Fabio Iunes Sanches

University of California, Berkeley

As a youth in his native Brazil, Fabio Iunes Sanches says, there was an expectation that if someone is good in math, they would become an engineer.

Sanches, now a doctoral candidate at the University of California, Berkeley, fit the profile. His father also is an automotive engineer who took a job with General Motors, moving the family to Michigan when Sanches was in high school.

But by middle school, Sanches had decided engineering wasn't his destiny. A physics class instead attracted him to exploring the fundamental principles governing the universe. "And very quickly I realized I wanted to be a theoretical physicist because I enjoyed more of the pen and paper calculations rather than doing experiments," says Sanches, a Department of Energy National Nuclear Security Administration Stewardship Science Graduate Fellowship (DOE NNSA SSGF) recipient.

It's no wonder, then, that he now wrestles with gnarly high-energy physics concepts. "I realized I wanted to understand everything as fundamentally as possible and, naturally, as you go in this direction of higher and higher energies, the math gets more and more interesting," Sanches says. The field gives him the freedom to explore multiple concepts and projects.

In his thesis work, Sanches considers how locality relates to gravity. Locality arises from a principle of Albert Einstein's Theory of Special Relativity: Nothing moves faster than light, limiting communication between two points. "Locality essentially says things should only be affected by what can communicate with them." But at the same time, quantum physics says an electron can be in superposition, simultaneously occupying two points in space. The notion of quantum fields unites these concepts and explains all particle interactions - except for gravity.

These rules apply to the Standard Model, which describes all particles, such as electrons and quarks. Under the Standard Model, it's generally clear where a particle, such as an electron, is in space-time - the union of time and three-dimensional space in a four-dimensional continuum. "But as soon as we try to include the gravitational interactions, saying where something is in space-time becomes more complicated," Sanches says. Quantum physics has to consider superpositions when describing space-time, but gravity makes it difficult to determine if a point or event is in the past, in the future or connected to another event.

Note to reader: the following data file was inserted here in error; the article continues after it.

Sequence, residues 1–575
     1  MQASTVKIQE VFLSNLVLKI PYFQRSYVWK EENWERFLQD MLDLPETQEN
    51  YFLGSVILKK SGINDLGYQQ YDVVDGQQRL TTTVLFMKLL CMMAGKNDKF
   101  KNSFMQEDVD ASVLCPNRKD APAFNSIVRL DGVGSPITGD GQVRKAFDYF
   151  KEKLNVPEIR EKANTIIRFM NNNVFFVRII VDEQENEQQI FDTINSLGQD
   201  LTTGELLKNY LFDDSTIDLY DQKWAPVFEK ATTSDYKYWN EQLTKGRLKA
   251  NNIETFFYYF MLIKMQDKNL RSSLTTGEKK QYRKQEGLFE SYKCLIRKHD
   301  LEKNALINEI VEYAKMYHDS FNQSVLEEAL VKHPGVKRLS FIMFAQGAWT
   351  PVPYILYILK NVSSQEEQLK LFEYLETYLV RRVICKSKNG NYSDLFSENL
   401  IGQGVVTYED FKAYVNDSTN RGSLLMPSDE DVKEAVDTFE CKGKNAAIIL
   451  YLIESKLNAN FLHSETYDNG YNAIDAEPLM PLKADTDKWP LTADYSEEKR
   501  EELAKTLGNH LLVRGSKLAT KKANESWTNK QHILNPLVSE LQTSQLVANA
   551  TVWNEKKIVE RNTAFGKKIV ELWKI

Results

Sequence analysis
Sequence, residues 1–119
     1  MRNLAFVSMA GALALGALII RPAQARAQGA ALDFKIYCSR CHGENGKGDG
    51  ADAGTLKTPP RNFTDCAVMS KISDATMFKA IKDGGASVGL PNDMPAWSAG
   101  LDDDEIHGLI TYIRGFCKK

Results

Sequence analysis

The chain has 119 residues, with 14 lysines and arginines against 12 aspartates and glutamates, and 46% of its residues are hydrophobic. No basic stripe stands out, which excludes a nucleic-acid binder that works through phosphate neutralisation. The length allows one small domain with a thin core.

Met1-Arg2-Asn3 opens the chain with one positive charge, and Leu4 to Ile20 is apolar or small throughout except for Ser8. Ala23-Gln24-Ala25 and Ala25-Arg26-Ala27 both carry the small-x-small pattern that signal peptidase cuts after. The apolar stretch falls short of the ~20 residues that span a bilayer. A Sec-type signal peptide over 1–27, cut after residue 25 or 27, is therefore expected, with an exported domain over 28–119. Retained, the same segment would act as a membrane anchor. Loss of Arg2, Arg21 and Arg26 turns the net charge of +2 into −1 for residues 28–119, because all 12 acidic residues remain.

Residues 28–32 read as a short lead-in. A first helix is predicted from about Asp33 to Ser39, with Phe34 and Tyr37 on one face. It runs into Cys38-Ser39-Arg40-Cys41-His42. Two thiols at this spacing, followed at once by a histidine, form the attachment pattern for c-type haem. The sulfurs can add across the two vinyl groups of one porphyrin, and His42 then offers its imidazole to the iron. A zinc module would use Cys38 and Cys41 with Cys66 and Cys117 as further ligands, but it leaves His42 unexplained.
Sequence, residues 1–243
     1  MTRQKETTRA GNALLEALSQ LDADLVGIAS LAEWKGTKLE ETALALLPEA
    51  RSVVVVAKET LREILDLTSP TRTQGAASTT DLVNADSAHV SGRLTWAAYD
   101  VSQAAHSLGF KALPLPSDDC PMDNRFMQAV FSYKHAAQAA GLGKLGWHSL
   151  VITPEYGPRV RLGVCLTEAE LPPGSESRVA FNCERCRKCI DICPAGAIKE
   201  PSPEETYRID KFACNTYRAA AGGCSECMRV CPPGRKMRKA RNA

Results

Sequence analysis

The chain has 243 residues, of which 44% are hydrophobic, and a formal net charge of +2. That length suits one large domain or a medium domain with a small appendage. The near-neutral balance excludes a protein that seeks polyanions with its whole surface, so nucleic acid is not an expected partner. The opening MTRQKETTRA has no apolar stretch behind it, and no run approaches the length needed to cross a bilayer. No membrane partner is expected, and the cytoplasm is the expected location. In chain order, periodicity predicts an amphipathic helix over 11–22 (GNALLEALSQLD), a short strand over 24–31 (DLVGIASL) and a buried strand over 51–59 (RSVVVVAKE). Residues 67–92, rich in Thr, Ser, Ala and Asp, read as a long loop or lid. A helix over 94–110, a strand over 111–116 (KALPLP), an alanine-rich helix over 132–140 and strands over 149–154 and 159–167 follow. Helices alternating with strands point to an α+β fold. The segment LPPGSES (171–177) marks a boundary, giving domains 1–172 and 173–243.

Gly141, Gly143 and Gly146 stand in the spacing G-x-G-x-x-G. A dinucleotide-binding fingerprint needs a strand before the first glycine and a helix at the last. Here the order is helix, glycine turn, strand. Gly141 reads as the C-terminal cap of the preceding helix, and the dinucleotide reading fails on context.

Part of the solution may lie in evidence that gravity is a holographic theory - three-dimensional at its foundation but organized to appear as if there's a fourth dimension. It's similar to a credit card hologram, a three-dimensional image that is just two-dimensional.

Sanches: Cylinder

Imagine a cylinder, Sanches says. It has two dimensions: circumference and length. "But if you include the interior of the cylinder, now it has a third dimension." Gravity "in all of those three dimensions is secretly only described by a theory that we say lives on the boundary of that cylinder, which is the circle and the long side, the time direction."

It's strange, Sanches says, because "if there's gravity, then inside the cylinder I can imagine objects being there," such as black holes, stars or particles. "But if those things are inside the cylinder, how are they secretly only encoded as a hologram on the boundary, which is one dimension lower?" His research with advisor Yasunori Nomura hopes to understand how it's possible for objects to respect locality - "the fact that objects that cannot communicate in the higher dimensional bulk do not affect each other" - if they're encoded in a lower-dimensional boundary.

The research has implications for quantum computing, which uses superposition and entanglement - the capacity for two particles to share quantum correlations even when separated by great distances - to accelerate calculations. Gravity's holographic property may afford a way to correct errors when quantum information is lost in transmission.

Sanches' research ties into the physics of black holes. His 2014 Lawrence Livermore National Laboratory practicum turned directly to the subject. Sanches worked with Peter Anninos to add key physics to the COSMOS++ astrophysics code. These radiative cooling and molecular viscosity qualities are important to modeling accretion discs - matter held by gravity as it rotates around a massive object, especially a black hole. "A lot of the practicum was trying to understand what else we can include in this code and make it more powerful, in the sense that it captures more physical effects," Sanches says. He was able to make significant contributions.

After graduating in May 2018, Sanches plans to pursue a pursue a postdoctoral fellowship as a step toward his dream job as a research professor.

Image caption: Illustration of gravity's holographic property. The gravitational space-time is the three-dimensional interior of the cylinder and various objects can live there: particles, black holes, etc. Nevertheless, all information about the space-time and any excitations living on that space-time is encoded on the two-dimensional boundary. This encoding, however, is nonlocal - that is, local objects in the bulk will have a redundant boundary description that spreads over large regions. Image courtesy of Fabio Iunes Sanches.